AMG forms new company to promote MOX technology

05 April 2024

Dutch specialty metals company AMG Critical Materials NV has created a new company - named NewMOX SAS - to develop commercial facilities for the production of mixed plutonium-uranium oxide (MOX) fuel using AMG's sintering furnace systems.

Based in Grenoble, France, NewMOX SAS is a subsidiary of ALD Vacuum Technologies GmbH in Hanau, Germany, AMG's engineering subsidiary focused on vacuum furnace technology, which includes sintering furnace systems enabling the production of MOX fuel.

AMG said ALD's MOX technology has already been used in Germany, the USA, France, Belgium, the UK and recently ALD has been delivering such furnace systems to China.

Serge Bertrand, head of ALD France, Grenoble - where ALD has centred its nuclear technology activities - has been appointed CEO of NewMOX, while Johannes Fachinger, head of nuclear ALD Hanau, will be its chief technology officer.

According to AMG, globally there are currently about 380 tonnes of civil-use plutonium resulting from the reprocessing of used fuel from commercial nuclear power operations in storage.

"The storage of plutonium is extremely costly due to the risks associated with plutonium," it noted. "The conversion of plutonium into MOX fuel not only eliminates these risks but can be a commercially attractive alternative to storage. As an indicator, the conversion of 380 tons of plutonium into MOX translates at present fuel prices into a commercial value of USD15 to USD20 billion."

"The NewMOX business model is simple," said AMG CEO Heinz Schimmelbusch. "There is a lot of plutonium stored and the operators of these storage facilities are seeking ways to reduce storage costs; there is the proven ALD MOX sinter furnace technology; and there is a large MOX market which will grow with the development of the emerging small modular reactor wave.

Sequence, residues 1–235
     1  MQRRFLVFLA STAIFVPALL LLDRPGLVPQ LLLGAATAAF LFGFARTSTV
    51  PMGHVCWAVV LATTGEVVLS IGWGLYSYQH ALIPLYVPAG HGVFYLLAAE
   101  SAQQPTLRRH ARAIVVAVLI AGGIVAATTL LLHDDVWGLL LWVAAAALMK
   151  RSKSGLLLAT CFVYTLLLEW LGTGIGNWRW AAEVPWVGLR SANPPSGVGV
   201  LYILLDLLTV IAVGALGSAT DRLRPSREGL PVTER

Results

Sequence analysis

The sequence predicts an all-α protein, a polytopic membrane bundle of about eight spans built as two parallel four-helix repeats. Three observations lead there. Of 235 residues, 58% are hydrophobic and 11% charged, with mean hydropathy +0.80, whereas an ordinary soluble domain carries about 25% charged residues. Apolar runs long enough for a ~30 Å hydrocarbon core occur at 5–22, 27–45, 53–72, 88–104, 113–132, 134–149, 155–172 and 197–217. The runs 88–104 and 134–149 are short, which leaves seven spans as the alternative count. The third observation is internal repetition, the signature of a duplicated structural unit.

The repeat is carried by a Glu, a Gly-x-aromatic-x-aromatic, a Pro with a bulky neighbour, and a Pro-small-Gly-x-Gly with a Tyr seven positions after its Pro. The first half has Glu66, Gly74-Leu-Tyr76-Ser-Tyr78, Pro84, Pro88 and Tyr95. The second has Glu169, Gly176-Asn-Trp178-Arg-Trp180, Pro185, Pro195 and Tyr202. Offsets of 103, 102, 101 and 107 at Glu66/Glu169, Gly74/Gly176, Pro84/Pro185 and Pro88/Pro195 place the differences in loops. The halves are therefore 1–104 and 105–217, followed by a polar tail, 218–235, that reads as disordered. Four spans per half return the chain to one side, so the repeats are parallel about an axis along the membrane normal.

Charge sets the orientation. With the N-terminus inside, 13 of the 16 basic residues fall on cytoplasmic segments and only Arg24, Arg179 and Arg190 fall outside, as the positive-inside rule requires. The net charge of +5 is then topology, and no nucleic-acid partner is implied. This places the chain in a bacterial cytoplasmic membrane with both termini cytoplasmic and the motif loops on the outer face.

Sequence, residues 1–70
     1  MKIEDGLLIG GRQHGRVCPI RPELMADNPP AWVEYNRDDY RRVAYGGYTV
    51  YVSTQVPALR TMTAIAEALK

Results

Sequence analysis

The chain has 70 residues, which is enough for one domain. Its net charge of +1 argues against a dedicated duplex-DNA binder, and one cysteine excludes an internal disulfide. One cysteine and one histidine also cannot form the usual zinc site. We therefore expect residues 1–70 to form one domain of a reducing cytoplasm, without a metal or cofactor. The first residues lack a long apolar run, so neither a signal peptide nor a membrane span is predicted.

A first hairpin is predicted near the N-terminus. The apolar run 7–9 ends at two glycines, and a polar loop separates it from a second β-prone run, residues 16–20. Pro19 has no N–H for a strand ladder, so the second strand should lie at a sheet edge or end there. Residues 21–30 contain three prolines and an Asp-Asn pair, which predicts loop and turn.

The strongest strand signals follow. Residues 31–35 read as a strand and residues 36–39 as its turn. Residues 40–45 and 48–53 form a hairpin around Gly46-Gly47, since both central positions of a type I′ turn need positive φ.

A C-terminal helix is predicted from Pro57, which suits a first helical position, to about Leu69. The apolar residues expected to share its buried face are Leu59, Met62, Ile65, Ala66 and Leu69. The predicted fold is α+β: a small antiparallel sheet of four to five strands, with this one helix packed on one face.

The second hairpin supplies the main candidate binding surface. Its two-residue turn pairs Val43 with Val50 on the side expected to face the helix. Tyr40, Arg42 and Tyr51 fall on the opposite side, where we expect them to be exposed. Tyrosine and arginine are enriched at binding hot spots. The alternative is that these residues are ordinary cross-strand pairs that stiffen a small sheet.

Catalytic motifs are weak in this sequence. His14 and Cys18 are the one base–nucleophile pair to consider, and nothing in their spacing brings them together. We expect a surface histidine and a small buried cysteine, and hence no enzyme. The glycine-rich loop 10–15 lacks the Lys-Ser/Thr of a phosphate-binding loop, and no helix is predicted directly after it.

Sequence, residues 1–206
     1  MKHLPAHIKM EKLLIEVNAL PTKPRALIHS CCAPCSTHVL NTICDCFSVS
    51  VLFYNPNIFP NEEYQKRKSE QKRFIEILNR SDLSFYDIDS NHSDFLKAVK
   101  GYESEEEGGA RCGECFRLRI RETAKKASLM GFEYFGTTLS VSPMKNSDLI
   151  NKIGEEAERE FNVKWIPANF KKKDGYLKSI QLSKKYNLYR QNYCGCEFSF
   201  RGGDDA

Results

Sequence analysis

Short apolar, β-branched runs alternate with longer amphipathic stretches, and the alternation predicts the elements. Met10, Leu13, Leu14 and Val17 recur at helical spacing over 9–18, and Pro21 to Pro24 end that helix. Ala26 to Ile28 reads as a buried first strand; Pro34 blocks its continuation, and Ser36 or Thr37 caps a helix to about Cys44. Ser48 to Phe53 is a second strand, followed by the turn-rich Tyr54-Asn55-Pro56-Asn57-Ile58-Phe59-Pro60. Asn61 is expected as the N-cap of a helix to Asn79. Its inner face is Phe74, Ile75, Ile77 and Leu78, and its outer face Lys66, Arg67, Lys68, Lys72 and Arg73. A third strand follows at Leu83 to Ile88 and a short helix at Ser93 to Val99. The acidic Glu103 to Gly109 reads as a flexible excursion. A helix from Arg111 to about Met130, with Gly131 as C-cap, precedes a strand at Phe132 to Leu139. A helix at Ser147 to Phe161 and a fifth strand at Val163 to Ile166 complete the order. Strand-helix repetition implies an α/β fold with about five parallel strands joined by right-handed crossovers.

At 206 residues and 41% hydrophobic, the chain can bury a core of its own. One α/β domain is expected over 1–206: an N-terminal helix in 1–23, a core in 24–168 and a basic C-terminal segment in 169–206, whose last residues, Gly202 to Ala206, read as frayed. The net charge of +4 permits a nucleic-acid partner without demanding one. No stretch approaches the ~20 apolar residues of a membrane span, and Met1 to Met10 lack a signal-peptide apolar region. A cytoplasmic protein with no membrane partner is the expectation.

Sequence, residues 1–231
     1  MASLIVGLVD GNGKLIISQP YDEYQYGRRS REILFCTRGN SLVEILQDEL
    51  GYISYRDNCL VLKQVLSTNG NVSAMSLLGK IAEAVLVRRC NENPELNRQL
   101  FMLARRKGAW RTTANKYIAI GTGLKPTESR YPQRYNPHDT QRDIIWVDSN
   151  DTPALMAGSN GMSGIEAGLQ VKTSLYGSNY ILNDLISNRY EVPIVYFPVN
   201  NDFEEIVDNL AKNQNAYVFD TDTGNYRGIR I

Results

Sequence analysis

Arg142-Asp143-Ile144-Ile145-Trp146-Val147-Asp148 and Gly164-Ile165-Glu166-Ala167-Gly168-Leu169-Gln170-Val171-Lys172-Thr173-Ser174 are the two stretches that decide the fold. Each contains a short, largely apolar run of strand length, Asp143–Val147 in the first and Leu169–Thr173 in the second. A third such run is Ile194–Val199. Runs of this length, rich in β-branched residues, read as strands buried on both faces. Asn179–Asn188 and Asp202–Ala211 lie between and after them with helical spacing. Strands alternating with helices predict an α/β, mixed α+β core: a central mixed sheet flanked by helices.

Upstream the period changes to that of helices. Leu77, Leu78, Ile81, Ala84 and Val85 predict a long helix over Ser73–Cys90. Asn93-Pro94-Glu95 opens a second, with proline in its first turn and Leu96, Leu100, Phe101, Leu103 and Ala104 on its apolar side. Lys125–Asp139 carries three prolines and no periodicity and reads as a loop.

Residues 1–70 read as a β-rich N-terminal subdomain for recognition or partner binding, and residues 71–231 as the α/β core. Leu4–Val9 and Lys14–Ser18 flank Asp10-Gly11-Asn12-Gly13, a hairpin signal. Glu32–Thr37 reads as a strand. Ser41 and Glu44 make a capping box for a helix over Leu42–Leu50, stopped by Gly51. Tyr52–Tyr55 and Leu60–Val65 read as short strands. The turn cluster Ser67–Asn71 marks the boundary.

"It is the objective of NewMOX to form partnerships for the construction and operation of a commercial plutonium recycling facility producing MOX fuel starting with conceptual engineering and feasibility studies. This will take time, but this is a very valuable destination."

The plutonium (and uranium) in used nuclear fuel can be recovered through reprocessing. The plutonium can then be used in the manufacture of MOX fuel, to substitute for fresh uranium oxide fuel. A single recycle of plutonium in the form of MOX fuel increases the energy derived from the original uranium by some 12%, and if the uranium is also recycled this becomes about 22% (based on light water reactor fuel with a burn-up of 45 GWd/tU).

Today, MOX is widely used in Europe and in Japan. Currently about 40 reactors in Europe (Belgium, Switzerland, Germany and France) are licensed to use MOX, and more than 30 are doing so. In Japan, about ten reactors are licensed to use it. These reactors generally use MOX fuel as about one-third of their core, but some will accept up to 50% MOX assemblies.

Researched and written by World Nuclear News